Emails And Texts: Stop These Study Killers Immediately
It may seem like a no-brainer to shut down emails and texts while studying, but it’s still extremely difficult for students to do. Why? Is it the buzz the phone makes when a new message comes in — because let’s face it, you have to keep it on silent in order to not get caught during class? Is it the notification that pops up on your mail client whenever a new message arrives?
As a people, we have an incessant need to know what’s going on at all times. No piece of news is too small. Perhaps it comes from growing up in a digital age. We just hate the idea that the rest of the world knows what’s going on before we do. That’s why we constantly share things on Facebook or Twitter in hopes of sparking interest and being considered “the cool kid.”
That feeling doesn’t quite go away either, the older you get. Still, it’s one that you should learn to take care of right away if you hope to make the most of your study time.
Tim Ferriss, author of the famous bible on productivity The 4-Hour Workweek, strongly encourages an email policy of twice per day, and nothing before noon, adding that you should give yourself time to be productive and take care of the important things.
In a recent blog post, he wrote:
“E-mail (and all of its Crackberry/digital leash/Twitter cousins) is the largest single interruption in modern life. In a digital world, creating time therefore hinges on minimizing e-mail. The fastest method I’ve found for controlling the e-mail impulse is to set up an autoresponder that indicates you will be checking e-mail twice per day or less. This is an example of “batching” tasks (performing like tasks at set times, between which you let them accumulate), and your success with batching will depend on two factors:
1. Your ability to train others to respect these intervals
and, much more difficult,
2. Your ability to discipline yourself to follow your own rules”
The advice is something you should consider applying to texting as well. Here’s why:
Emails And Texts Break Concentration.
To get the most out of your study time, you need a block of uninterrupted time where your mind can focus on internalizing difficult concepts and the voluminous information requirements that go along with passing an exam, be it a calculus test or one for professional teaching licensure. The problem with answering both emails and texts are that they cause a quick lapse in concentration. You tell yourself, “I’ll get back to studying as soon as I answer this message.” Unfortunately, you’ve ruined the flow, and encouraged the author of the original message to continue emailing or texting at inopportune times. And that leads us to No. 2…
They Lead To More Emails And More Texts.
Emails and texts are so harmful to your productivity because they often take on the form of an actual conversation where there is a lot of quick give-and-take. Now imagine yourself in a study situation. You hear your phone buzz. You pick it up, read what’s written, and then send back a quick response. You then set the phone down, and a full minute hasn’t passed before the person on the other end is texting you again. These situations glut themselves on your study time, and they go on and on and on. And the longer they go, the more difficult it is to get out of them without appearing curt or rude.
You Spend Your Creativity And Enthusiasm In The Wrong Places.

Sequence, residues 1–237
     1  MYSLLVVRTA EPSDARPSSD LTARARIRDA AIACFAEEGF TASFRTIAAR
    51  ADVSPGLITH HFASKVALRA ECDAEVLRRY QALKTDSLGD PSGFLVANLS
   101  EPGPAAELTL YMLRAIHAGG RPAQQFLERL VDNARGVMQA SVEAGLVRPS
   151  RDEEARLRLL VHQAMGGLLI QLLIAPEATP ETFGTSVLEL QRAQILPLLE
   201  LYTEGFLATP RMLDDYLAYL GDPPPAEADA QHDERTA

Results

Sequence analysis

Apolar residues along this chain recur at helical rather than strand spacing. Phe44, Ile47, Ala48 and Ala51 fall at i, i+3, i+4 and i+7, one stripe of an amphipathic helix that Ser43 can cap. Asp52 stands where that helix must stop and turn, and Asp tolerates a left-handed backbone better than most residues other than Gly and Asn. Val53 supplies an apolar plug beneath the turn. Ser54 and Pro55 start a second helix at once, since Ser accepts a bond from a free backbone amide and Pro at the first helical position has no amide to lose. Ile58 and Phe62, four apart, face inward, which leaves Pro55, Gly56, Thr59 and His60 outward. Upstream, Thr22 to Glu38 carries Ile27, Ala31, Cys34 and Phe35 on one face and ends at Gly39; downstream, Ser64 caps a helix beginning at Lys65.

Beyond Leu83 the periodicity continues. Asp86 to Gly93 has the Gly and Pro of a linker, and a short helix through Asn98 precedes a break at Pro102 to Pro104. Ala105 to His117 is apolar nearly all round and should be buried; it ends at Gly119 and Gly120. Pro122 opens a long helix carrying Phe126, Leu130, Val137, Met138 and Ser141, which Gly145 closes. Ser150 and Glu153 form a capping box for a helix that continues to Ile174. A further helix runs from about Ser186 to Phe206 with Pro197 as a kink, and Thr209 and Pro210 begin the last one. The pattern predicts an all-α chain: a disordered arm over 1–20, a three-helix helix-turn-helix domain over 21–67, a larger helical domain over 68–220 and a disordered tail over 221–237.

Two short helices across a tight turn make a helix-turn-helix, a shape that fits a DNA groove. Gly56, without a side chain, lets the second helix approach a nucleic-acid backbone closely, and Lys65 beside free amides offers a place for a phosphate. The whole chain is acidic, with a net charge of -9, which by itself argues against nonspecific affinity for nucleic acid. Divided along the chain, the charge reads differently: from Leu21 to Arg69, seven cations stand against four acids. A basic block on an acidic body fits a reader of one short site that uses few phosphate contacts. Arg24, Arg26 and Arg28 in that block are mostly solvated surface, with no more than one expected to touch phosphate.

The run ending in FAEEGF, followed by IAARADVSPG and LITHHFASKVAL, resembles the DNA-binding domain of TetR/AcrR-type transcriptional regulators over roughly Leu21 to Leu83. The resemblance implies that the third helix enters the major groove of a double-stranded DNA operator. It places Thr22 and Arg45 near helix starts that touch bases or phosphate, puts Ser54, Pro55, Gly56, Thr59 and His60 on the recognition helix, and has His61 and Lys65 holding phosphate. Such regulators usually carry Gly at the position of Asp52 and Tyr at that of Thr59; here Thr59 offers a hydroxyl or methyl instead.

To study effectively, you need to be able to read attentively and jot notes. Reading and writing. But as with listening, you can only be at your best for so long before your mind starts to wander and you get hung up on other things. If you’re sitting down to study for a block of 40 minutes, and you’re constantly cutting away to read what the other person is saying and write them back, then you’re expending your energy, creativity, and enthusiasm on the wrong thing.
Shorthand Can Creep In To Your Studies.
The level of focus that your brain needs when you are studying, is substantial. When you’re constantly dividing that focus between your responsibilities and your cellphone or inbox, you’re essentially tearing down the dividing wall that enables you to make the most of your productivity. As a result, little things start to happen like bringing shorthand language — “u” for “you,” “ur” for “your” or “you’re” — into your studies. That may not be a big deal if you’re just jotting notes, but God help you if you’re penning that “Why I Belong At Stanford” essay for the admissions office.
They Lead To Other Distractions.
It physically shames me to admit how many times I’ve sat down to work and thought, “I’ll just check my email really fast,” only to be led on a six-degrees-of-Kevin Bacon journey through my favorite Internet sites. One reason to pause can lead to 40 more that keep you from being productive and doing what you’re supposed to be doing. Emails and texts are some of the biggest catalysts of this, and they need to be stopped before doing irreparable damage to your day. Some suggest that you should go to a place where you have no access to the Internet. These same people will probably advise that you put your phone on Airplane Mode. And we tend to agree.
Answering emails and texts may seem like a trivial thing to target for criticism, but we wouldn’t be harping on them if we hadn’t been there ourselves. Just remember: nothing life-or-death that actually applies to you, is going to be revealed in either mode of communication. For the really important stuff, people call. If it’s really, really important, they leave a message when you don’t answer. If you get a voice-mail, then feel free to check and see what it says. Chances are, it will be something like, “Hey just seeing what you were up to.” If it’s some critical piece of life-and-death information, then and only then should you stop what you’re doing.
[Image via HerCampus.com]